• Having open measurement data, in addition to the already open measurement source code, would strengthen the growing "open" movement , which we believe is worth supporting
open data
There are also practical, operational reasons for making all RIPE Atlas measurements public: 
  • To help limit the load on individual probes, users need to be able to see all the measurements running to the target of their choice 
  • Collecting non-"public" measurement data mixed with "public" data results in additional operational overhead 
  • The details of what is considered "public" and non-"public" are complex, and removing the distinction would help clarify the documentation and communication that we provide for our users
  • Allowing for non-"public" measurement data is extremely operationally expensive
  • The more public measurement data that is collected, the more useful the results and services we can provide to the whole Internet community

Users' personal data and privacy

Although we believe that having public measurement data contributes the most to the goal of RIPE Atlas, the RIPE NCC greatly values our users' privacy. Therefore: 

  • The name, personal details (home address) and contact details (email address) of probe hosts are not shared with other users, third parties or the general public
  • The names and contact details of the users involved in a particular measurement are not publicly available 
  • RIPE Atlas does not use the email addresses specified as the username for the RIPE NCC account for regular communication with probe hosts (except for operational reasons); instead, we have an opt-in mailing list for probe hosts, and there is an option to specify a separate email address for system notifications
We plan to keep all these measures in place in order to continue protecting our users' privacy, and if you have other suggestions about how we can improve on these measures, please let us know.
However, for the technical reasons mentioned above, it is important for RIPE Atlas probe hosts to realise that the IP addresses and hostnames of the source and destination of every measurement can be seen by a subset of other probe hosts.
Also, we may include your name and country location on the "Community" pages to promote the most active users and new probe hosts.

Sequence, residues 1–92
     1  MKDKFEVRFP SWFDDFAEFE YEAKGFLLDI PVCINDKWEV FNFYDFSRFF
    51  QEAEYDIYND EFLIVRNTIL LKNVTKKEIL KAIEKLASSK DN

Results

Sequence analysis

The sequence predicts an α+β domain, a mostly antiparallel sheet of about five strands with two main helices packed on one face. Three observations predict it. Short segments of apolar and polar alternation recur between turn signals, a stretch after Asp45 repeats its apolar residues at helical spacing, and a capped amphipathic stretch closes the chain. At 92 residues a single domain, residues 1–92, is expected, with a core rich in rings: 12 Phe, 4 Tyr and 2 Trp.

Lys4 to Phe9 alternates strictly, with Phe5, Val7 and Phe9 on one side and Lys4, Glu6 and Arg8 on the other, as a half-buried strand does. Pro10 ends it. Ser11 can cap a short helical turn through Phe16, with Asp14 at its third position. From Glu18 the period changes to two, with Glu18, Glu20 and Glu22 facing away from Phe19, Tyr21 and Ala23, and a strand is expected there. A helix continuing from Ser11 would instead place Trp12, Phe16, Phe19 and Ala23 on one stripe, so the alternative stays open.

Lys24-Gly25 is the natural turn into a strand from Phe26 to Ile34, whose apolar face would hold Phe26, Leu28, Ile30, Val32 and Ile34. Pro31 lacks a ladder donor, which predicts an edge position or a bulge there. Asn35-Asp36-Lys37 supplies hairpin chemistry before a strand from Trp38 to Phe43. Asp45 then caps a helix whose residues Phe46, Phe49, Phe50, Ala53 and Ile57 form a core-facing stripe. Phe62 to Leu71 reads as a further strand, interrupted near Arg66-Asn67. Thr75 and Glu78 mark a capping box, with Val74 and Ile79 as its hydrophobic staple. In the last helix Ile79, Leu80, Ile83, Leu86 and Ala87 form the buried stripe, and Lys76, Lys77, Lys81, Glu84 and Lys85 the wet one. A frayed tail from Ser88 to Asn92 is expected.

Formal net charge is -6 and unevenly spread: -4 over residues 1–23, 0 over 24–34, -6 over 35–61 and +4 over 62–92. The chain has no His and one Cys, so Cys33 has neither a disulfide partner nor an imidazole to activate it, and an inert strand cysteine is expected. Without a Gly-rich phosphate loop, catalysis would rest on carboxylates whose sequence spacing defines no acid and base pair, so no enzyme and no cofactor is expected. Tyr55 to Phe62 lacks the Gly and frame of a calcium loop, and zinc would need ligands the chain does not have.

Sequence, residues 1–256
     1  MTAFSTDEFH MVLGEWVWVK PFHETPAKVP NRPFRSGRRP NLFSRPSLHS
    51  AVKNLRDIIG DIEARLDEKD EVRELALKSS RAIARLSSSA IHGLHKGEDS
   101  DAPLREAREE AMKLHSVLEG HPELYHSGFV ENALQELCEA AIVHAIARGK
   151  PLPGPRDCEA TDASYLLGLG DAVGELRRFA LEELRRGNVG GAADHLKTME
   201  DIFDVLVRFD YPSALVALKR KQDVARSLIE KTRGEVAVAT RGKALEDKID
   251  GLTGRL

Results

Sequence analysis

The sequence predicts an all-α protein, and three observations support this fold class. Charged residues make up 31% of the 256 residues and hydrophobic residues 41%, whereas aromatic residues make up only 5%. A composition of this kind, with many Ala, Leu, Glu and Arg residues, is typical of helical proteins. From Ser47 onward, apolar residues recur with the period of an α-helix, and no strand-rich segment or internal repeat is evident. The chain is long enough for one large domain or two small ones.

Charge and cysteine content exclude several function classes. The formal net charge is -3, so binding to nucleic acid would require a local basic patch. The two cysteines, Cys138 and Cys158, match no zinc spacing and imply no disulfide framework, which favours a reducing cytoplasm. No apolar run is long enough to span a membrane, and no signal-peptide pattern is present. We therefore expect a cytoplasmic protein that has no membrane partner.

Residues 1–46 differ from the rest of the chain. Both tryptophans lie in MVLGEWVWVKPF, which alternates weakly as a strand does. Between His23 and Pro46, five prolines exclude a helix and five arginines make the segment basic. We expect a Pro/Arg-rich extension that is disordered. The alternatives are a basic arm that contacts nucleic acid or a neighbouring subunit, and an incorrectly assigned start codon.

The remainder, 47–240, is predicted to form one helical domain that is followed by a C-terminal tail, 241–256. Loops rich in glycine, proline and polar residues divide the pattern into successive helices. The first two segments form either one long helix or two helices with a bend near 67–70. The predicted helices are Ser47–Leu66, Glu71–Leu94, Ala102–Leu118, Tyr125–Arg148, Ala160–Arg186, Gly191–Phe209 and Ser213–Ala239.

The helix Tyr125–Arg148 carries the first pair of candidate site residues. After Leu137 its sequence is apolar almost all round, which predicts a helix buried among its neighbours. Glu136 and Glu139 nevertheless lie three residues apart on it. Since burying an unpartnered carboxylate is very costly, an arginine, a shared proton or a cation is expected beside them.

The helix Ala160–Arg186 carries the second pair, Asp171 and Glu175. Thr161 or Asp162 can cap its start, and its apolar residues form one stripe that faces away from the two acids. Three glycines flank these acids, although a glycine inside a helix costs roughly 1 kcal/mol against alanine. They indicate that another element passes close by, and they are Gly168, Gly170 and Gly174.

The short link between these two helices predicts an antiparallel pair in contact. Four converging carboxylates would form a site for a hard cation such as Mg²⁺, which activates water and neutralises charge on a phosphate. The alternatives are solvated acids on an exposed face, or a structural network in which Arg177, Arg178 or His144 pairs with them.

Suggested changes

As RIPE Atlas becomes a full production service, we would like to move towards making the probes and measurement data as open as possible. In order to reach that goal, we suggest the following steps:

  1. From a future date onwards, make all new probes "public", and make  new measurements "public" both for new and existing RIPE Atlas users (i.e. no longer offer the option to not mark new probes and new measurements as "public")
  2. The proposed date to implement these changes is mid-April 2014 
  3. We are looking for your comments and feedback by 1 February 2014 
This means that all probes and measurements that were not marked "public" by April 2014 would remain non-"public" (with all the caveats stated above), but all new probes and measurements will be public by default.

The table below provides an overview of the current situation and the proposed changes.

Always private Private (now) Public (now) Public (future)

marked public
Email address

MAC address

DNS entry

Config details
IP address

List of built-in measurements

List of UDMs

IP address (on the map)


probes included in "Public Probes" list

Source IP in other people's UDMs

Internal hop IPs in traceroutes


marked public
Same as above IP address

(on the map)

Not included in "Public Probes" list
Source IP in other people's UDMs

Internal hop IPs in traceroutes
Same as before (only for


Measurement marked public Username of the owner Results

Source & destination


measurements included in "Public Measurements" list


source & destination IP/hostname


marked public
Username of the owner Not included in "Public Measurements" list Listed as "Assigned UDM" on probes involved: source IP and target hostname visible Same as before (only for



Your feedback

We are looking for the opinions of RIPE Atlas users and the RIPE community, and will not make any changes to the current situation until we get your feedback and decide together the best way forward. Please let us know whether you agree with our plan or whether you have other suggestions.

Please send us your feedback by 1 February 2014.
Please let us know what you think on the MAT Working Group Mailing List.
For private feedback, please contact Vesna  Manojlovic, Senior Community Builder, at .
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About the author

Vesna Manojlovic is Community Builder at RIPE NCC. Vesna joined the RIPE NCC as a Trainer in 1999. In 2003, she took responsibility for developing and delivering advanced courses, such as RPSL, Routing Registry, DNSSEC and IPv6. In 2008, she lead efforts to establish IPv6 RIPEness as a measure of IPv6 deployment among LIRs. In 2011, she joined the Science Division as Manager of the Measurements Community Building team; in 2015 she moved to Communications Department as Senior Community Builder, with a focus on organising hackathons. Vesna gives presentations at many technical conferences and workshops, and enjoys visiting hackerspaces. Vesna received a Batchelor of Sciences Degree in Computer Science and Informatics from the School of Electrical Engineering, University of Belgrade. She has three children.